We maintain our Neutral recommendation on Wal-Mart Stores, Inc. (WMT) following an appraisal of its third quarter 2013 results.
Walmart posted robust third quarter earnings of $1.08 per share, which beat the Zacks Consensus Estimate by a penny and the prior-year earnings by 11.3%. The results were within the company’s earnings guidance range of $1.04 to $1.09 per share.
Top-line growth coupled with cost savings boosted earnings in the quarter. Revenue, excluding currency impact, climbed 4.9% on the back of positive comparable store sales.
We are impressed with the company’s size and scale of operations. The company’s significant exposure in the international markets makes it the largest retailer in the world.
The company has 8,500 stores in 15 countries, under 55 different names. Walmart also continues to expand internationally and in the emerging markets through accretive acquisitions, new store growth and positive comparable store sales.
Further, Walmart has also been focusing on expanding its online business and has already developed its online businesses in the U.S., U.K., Canada and Brazil. To further expand its e-commerce business, Walmart has increased its controlling stake to 51% in the Chinese Internet retailer Yihaodian. The world’s largest retailer also acquired the Vudu streaming video service from Netflix Inc. (NFLX) in February 2010 and California-based technology company Kosmix in April 2011, demonstrating its commitment to e-commerce.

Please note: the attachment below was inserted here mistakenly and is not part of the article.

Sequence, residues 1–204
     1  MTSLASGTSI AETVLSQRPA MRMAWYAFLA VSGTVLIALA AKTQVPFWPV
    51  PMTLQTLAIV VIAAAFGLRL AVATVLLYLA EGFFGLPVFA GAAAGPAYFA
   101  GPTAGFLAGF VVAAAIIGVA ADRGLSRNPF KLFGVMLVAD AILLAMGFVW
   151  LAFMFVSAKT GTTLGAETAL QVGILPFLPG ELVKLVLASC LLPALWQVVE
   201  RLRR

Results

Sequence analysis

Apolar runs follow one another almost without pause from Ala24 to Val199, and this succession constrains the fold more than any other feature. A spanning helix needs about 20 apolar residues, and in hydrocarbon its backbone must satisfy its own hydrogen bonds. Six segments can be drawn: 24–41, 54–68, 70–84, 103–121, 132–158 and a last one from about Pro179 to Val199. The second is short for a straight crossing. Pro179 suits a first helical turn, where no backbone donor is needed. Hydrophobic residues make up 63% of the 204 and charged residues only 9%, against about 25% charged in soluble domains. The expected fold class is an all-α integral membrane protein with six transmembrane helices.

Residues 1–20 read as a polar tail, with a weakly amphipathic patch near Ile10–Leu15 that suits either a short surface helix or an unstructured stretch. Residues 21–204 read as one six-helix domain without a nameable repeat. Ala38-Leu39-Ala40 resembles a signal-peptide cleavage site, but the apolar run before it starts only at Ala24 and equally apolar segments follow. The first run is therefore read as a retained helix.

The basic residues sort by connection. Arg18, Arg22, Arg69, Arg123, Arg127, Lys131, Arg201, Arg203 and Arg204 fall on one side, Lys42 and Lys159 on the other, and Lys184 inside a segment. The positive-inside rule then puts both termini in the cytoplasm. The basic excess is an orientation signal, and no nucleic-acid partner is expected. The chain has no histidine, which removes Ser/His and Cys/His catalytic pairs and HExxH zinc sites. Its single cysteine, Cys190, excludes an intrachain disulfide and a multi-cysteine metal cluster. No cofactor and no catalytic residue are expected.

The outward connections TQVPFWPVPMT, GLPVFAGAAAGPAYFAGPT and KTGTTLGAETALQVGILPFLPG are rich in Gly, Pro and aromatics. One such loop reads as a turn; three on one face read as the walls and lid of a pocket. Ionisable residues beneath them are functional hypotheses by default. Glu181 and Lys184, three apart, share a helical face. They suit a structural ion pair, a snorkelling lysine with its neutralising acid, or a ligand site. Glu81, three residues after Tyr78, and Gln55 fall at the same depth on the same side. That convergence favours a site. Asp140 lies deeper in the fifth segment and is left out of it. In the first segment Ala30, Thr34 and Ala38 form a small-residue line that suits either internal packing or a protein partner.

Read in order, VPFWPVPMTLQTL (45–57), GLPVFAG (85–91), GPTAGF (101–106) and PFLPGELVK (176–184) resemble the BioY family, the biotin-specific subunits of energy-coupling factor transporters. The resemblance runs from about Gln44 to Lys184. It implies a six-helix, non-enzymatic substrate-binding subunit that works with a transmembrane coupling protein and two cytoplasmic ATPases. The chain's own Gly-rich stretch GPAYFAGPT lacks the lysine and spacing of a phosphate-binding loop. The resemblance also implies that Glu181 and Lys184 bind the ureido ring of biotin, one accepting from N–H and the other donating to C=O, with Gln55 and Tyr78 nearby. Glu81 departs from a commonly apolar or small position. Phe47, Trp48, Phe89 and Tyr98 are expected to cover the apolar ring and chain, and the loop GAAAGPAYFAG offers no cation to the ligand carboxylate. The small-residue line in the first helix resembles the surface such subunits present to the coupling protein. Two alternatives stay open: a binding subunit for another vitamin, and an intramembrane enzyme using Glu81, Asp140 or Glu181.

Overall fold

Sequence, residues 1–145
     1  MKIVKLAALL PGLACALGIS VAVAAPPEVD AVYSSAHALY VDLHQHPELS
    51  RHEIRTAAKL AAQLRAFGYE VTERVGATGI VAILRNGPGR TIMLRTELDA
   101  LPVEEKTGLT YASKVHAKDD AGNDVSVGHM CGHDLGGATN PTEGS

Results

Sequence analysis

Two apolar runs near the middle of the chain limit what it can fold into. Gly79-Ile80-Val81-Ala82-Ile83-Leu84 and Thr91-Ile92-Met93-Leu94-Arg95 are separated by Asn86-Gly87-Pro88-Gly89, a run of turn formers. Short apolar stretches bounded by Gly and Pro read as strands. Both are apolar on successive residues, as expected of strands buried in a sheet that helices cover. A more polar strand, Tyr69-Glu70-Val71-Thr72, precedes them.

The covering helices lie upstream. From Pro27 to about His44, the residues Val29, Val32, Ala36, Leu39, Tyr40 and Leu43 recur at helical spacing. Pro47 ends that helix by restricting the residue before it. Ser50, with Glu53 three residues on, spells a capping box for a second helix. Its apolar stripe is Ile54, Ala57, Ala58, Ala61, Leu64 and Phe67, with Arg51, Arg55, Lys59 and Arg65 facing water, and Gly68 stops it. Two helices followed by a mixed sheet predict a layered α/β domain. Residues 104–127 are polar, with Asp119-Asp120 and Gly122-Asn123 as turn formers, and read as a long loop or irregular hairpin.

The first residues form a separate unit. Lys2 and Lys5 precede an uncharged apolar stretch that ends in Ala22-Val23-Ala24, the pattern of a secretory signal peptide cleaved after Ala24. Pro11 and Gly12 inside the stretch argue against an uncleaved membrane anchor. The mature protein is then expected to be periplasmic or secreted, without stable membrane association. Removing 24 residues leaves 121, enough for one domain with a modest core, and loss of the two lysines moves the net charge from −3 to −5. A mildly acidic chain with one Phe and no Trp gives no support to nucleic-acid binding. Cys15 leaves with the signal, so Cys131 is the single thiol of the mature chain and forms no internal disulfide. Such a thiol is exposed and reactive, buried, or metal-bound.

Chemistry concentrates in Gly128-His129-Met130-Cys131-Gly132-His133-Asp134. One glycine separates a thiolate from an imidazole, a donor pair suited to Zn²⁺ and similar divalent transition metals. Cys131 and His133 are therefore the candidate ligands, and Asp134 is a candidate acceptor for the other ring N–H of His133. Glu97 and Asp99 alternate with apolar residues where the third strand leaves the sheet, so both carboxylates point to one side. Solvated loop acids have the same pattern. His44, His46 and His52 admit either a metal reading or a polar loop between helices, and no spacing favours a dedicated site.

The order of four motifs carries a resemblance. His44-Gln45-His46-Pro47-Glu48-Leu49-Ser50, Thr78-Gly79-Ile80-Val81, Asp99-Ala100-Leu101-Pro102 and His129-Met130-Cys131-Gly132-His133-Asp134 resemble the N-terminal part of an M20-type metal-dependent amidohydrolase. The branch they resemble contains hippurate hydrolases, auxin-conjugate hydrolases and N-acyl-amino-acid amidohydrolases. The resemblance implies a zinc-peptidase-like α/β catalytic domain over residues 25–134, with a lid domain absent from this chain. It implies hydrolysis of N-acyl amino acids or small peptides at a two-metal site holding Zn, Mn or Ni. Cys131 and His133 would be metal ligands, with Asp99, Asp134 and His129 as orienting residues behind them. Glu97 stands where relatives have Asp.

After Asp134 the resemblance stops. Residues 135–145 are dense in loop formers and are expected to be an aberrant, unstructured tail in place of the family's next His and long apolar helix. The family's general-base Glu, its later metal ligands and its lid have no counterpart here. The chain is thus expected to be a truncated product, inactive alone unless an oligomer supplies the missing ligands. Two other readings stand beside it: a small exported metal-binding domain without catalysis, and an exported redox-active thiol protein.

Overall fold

Besides expansion, Walmart has been rewarding its shareholders by increasing dividend every year. This also reflects that Walmart has been able to grow its free cash flow per share at an impressive rate over the same time period.
However, the fiscal cliff, if implemented, will burden Walmart’s shareholders with huge taxes. Shareholders could end up paying taxes as high as 39.6%, up from 15% currently. U.S. President Obama is, however, trying to keep it at 23.8%, but Walmart’s investors still remain uncertain and apprehensive about the fiscal cliff.
The term ‘fiscal cliff’ in the U.S. refers to the effect of a number of laws, which could result in tax increases and spending cuts, if implemented, thereby resulting in budget deficit beginning in 2013. These laws include tax increases due to the expiration of the Bush tax cuts and spending cuts under the Budget Control Act of 2011.
Though it will improve long-term economic growth by reducing debt, the fiscal cliff is expected result in a recession and push up unemployment rate during 2013, if the deficit is reduced suddenly.
Additionally, Walmart remains exposed to unfavorable foreign currency translations due to its considerable international presence. With rising investments in markets outside the U.S., Walmart also faces economic and political risks. In addition, the company operates in a highly competitive retail market.
Walmart also needs to be more competitive as U.S. shoppers seek discounts on items to curb expenses. Moreover, we remain cautious about the weak economy and rising costs, which keep us on the sidelines.
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